Understanding Your Score Report
Score reports include all GMAT® scores from tests taken in the last five (5) years. The contact and demographic information that was required for you to register for the test will also appear on your score report.
If the score recipients you select have opted to receive it, the digital photograph you provided at the test center will be sent with your Official Score Report. In addition, the following background data you may have provided during registration or on the day of the test may also appear: telephone number; undergraduate institution, grade point average (GPA), major, and date of graduation; intended graduate study; and the highest level of education attained. These data are self-reported and will be marked as such.
For each of your scores on the GMAT test (Verbal, Quantitative, Total, Analytical Writing Assessment, Integrated Reasoning) you will receive a percentile rank, or the proportion of exams scoring below your score you based on the scores of the entire GMAT testing population for the most recent three-year period. Your percentile rank may change from year to year. However, your scaled score never changes.
Because the Integrated Reasoning section was introduced only recently, percentiles will be updated every month through 2012 to reflect the growing pool of test takers who have taken the Integrated Reasoning section. From 2013 on, the IR percentiles will be updated yearly on the same schedule as the other scores.
Understand Your Total, Verbal, and Quantitative Scores
Total GMAT scores range from 200 to 800. Two-thirds of test takers score between 400 and 600.
The Verbal and Quantitative scores range from 0 to 60. Scores below 9 and above 44 for the Verbal section or below 7 and above 50 for the Quantitative section are rare. Both scores are on a fixed scale and can be compared across all GMAT test administrations. The Verbal and Quantitative scores measure different constructs and cannot be compared to each other.
If you do not finish in the allotted time, you will still receive scores as long as you have worked on every section. However, your scores will be calculated based upon the number of questions answered, and your score will decrease significantly with each unanswered question.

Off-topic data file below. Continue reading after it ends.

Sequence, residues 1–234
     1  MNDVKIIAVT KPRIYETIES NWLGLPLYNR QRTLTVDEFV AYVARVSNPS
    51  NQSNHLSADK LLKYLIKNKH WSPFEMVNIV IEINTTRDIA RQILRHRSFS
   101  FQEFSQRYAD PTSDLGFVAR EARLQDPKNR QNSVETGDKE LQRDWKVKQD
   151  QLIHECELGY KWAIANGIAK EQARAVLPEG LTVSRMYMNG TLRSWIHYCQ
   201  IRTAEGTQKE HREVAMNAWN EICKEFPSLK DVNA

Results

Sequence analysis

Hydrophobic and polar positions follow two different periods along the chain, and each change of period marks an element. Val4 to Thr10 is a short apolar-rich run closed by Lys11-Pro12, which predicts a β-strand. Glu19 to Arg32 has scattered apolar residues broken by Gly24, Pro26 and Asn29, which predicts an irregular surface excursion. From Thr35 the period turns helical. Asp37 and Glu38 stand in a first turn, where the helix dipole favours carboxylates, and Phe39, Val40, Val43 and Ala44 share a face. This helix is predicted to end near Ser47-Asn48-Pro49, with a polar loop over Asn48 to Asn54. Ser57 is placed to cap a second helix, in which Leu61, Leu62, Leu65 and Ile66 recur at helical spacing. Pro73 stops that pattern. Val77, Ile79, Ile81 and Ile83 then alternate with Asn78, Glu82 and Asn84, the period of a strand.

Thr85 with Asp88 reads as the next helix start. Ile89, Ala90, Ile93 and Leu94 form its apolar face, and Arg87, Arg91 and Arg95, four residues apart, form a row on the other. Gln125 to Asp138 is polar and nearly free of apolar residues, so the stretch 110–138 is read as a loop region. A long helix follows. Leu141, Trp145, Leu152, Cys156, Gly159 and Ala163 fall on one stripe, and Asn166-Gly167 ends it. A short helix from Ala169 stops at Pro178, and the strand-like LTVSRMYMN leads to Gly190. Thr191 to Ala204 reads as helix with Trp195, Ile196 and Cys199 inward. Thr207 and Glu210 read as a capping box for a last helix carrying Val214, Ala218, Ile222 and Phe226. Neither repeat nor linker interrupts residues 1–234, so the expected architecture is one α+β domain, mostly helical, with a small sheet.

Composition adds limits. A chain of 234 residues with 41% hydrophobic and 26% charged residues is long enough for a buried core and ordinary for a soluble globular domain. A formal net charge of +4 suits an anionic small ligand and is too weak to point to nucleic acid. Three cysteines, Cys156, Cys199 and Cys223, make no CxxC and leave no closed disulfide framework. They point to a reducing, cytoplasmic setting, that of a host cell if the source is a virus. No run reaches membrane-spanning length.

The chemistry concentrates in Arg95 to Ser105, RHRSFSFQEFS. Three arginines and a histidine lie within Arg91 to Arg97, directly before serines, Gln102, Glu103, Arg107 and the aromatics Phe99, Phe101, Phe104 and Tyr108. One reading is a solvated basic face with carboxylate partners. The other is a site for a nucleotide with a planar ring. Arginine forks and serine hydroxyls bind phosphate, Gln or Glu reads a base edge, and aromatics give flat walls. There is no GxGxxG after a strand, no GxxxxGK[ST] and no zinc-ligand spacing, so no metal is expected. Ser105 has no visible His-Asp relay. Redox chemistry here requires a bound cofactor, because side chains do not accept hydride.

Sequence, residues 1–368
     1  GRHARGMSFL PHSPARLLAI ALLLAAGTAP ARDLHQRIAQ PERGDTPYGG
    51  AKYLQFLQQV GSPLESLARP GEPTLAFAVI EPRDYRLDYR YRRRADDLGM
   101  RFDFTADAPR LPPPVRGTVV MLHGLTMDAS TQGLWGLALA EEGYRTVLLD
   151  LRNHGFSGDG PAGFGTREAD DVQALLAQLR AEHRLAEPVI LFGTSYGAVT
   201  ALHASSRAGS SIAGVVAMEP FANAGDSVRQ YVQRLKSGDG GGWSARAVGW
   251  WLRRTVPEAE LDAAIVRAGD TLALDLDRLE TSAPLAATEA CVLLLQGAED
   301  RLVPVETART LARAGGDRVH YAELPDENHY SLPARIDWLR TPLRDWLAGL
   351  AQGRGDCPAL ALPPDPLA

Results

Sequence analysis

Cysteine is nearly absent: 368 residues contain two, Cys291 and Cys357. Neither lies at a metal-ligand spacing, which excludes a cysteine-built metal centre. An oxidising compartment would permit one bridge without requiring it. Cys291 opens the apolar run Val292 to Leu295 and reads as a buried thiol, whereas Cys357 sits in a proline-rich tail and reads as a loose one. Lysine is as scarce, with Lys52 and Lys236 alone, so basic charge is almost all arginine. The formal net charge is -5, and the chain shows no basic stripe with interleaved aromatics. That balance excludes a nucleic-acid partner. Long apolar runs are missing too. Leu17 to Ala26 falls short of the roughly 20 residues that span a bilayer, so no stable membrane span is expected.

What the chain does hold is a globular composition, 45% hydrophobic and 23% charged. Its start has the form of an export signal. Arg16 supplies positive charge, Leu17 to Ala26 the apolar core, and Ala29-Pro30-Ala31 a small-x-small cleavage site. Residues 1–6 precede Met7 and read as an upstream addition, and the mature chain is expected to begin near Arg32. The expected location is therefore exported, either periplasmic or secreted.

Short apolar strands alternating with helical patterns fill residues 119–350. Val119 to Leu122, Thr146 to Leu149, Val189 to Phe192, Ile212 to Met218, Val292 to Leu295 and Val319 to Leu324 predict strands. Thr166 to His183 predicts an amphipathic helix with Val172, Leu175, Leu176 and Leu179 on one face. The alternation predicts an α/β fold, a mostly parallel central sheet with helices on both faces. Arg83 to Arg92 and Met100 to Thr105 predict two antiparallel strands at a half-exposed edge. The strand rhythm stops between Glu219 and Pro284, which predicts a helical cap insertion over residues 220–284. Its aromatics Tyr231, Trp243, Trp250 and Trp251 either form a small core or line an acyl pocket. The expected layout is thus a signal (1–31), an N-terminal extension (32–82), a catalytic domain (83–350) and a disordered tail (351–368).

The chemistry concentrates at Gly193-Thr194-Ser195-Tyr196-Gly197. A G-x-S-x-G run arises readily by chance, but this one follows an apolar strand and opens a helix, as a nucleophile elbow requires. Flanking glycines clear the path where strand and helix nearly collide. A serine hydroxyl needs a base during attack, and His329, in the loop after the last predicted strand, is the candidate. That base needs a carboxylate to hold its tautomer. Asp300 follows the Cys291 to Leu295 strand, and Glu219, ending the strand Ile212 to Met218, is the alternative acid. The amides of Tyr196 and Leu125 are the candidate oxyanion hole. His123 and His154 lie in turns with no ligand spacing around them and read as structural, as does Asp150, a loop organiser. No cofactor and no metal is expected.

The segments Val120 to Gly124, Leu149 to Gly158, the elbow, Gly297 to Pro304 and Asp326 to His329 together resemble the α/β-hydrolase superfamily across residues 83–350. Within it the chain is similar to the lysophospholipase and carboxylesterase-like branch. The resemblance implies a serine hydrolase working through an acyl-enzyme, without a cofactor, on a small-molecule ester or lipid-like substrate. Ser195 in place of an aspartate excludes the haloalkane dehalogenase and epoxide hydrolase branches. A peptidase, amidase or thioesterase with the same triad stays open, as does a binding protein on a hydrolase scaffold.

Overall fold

Understand Your Analytical Writing Assessment Score
The Analytical Writing Assessment score is based on one Analysis of an Argument essay. Essays are scored independently twice and then averaged. Scores for the AWA range from 0 to 6 in half-point intervals.
Writing scores are computed separately from the multiple-choice scores and have no effect on the Verbal, Quantitative, or Total scores.
Each essay in the AWA section will be given two independent ratings, one of which may be performed by an automated essay-scoring engine. The automated essay-scoring engine is an electronic system that evaluates more than 50 structural and linguistic features, including organization of ideas, syntactic variety, and topical analysis.
If the two ratings differ by more than one point, another evaluation by an expert reader is required to resolve the discrepancy and determine the final score.
College and university faculty members trained as readers for the AWA will consider the following:
- The overall quality of your ideas about the argument presented
- Your overall ability to organize, develop, and express those ideas
- The relevant supporting reasons and examples you used
- Your ability to control the elements of standard written English
In considering the elements of standard written English, readers are trained to be sensitive and fair in evaluating the responses of examinees whose first language is not English.
If you have reason to believe that your score for the Analytical Writing Assessment portion of the GMAT test is not accurate, you may request that your essay be rescored using the Essay Rescore Request Form.
Understand Your Integrated Reasoning Score